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Survey was meant for planning,
 not annexation

James Rada, Jr.
Thurmont Dispatch

(1/12) The planning and zoning survey conducted in late 2005 has been used by some to support annexation of property into the town and more often, by others opposing annexation.

It is meant for neither, according to some members of the Thurmont Planning and Zoning Commission.

Randy Cubbedge, a planning and zoning commission member, told the Thurmont Commissioners, "That survey was never intended as a guidepost for annexation."

He said the purpose of the survey, conducted in November 2005, was to guide the commission as it worked to develop an updated master plan for the town. However, he said even commission members have differed on their interpretation of the data in the plan.

Planning and Zoning Member John Kinnaird agreed with Cubbedge. "You can read every result into the survey," Kinnaird said.

The survey went out to each household in Thurmont (2,372) and 658 were returned. The results were compiled in February. With the expectation of annexation requests last fall, the results were used both to support and oppose annexation.

The Catoctin Area Planning and Preservation Association included the results in its position paper against the annexations, including a section devoted to the survey and writing, "All of these results lead to the conclusion that the three proposed annexations are inconsistent with the wishes of the town residents and their vision of what their town should look like in the future."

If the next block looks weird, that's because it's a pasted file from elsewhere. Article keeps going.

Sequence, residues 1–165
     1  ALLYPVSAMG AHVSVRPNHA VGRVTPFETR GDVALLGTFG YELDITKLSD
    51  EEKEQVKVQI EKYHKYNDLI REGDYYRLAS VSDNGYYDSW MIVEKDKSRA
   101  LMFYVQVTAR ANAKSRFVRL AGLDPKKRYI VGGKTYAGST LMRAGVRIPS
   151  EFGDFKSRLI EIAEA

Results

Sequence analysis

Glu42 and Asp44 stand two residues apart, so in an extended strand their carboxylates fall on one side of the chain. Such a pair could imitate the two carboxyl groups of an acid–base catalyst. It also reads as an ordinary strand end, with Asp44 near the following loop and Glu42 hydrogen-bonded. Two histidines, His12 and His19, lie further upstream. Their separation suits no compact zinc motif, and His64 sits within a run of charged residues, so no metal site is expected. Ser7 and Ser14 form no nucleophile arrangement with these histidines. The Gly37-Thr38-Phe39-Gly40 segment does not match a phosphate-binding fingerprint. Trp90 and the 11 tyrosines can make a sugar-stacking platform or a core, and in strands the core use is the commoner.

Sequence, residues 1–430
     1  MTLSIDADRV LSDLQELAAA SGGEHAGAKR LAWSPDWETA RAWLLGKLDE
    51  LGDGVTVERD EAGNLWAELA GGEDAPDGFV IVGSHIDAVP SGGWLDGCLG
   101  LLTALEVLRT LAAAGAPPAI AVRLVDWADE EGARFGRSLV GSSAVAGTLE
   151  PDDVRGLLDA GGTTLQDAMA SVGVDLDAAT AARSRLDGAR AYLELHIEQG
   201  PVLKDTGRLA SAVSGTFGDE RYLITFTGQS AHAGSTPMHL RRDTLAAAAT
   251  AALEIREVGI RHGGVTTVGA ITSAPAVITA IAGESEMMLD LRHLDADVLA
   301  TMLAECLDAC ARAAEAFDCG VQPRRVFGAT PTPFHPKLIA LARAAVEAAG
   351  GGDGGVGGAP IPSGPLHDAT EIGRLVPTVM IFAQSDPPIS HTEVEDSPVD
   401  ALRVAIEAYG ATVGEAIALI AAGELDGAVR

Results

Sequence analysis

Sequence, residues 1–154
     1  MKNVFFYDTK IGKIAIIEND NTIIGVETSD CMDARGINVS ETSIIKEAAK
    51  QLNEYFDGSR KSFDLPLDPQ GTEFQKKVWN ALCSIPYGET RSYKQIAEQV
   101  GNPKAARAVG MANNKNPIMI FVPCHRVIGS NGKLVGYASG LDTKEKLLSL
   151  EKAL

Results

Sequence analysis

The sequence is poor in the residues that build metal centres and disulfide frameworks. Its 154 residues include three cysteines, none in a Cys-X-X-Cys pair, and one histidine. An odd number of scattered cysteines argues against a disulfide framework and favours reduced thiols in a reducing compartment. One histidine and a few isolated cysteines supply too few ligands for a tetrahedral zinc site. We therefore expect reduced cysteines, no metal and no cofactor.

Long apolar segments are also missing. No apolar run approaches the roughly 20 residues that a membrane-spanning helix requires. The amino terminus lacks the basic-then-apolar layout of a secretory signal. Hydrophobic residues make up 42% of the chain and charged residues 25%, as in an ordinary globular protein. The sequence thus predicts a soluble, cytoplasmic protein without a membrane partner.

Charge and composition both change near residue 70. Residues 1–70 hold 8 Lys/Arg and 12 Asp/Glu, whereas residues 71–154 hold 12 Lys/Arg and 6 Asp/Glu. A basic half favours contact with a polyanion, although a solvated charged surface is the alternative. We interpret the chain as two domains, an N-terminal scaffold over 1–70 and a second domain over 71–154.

Mayor Martin Burns responded when a CAPPA spokesperson tried to present the paper. "Any organization that has a position prior to them even presenting their case, in my opinion is wrong," Burns said.

Because of confusing use of the survey and its relatively low response rate, Burns has started a campaign to get all registered voters in town to make their wishes known about the annexations.

Commissioner Ron Terpko said he hadn't been hearing from residents about the annexations he believes because those against the annexations don't have answers for how to keep the town thriving without growth.

"If you have no growth and no new people, you get no new business," Terpko said.

Burns has held a meeting to gather resident opinions, has sent out a request in water bills to vote on the poll, and has also made the poll available in the town office.

Kinnaird pointed out that many people don't care one way or the other about the annexations and such people should be considered "yes" votes because they don't oppose the annexations. Burns agreed.

As each person votes, his or her name will be checked off a voter roll. This keeps people from double voting and also filters out non-residents' opinions. In this way, the commissioners hope to get a feel for whether a majority of town citizens want to proceed or not with the annexations.

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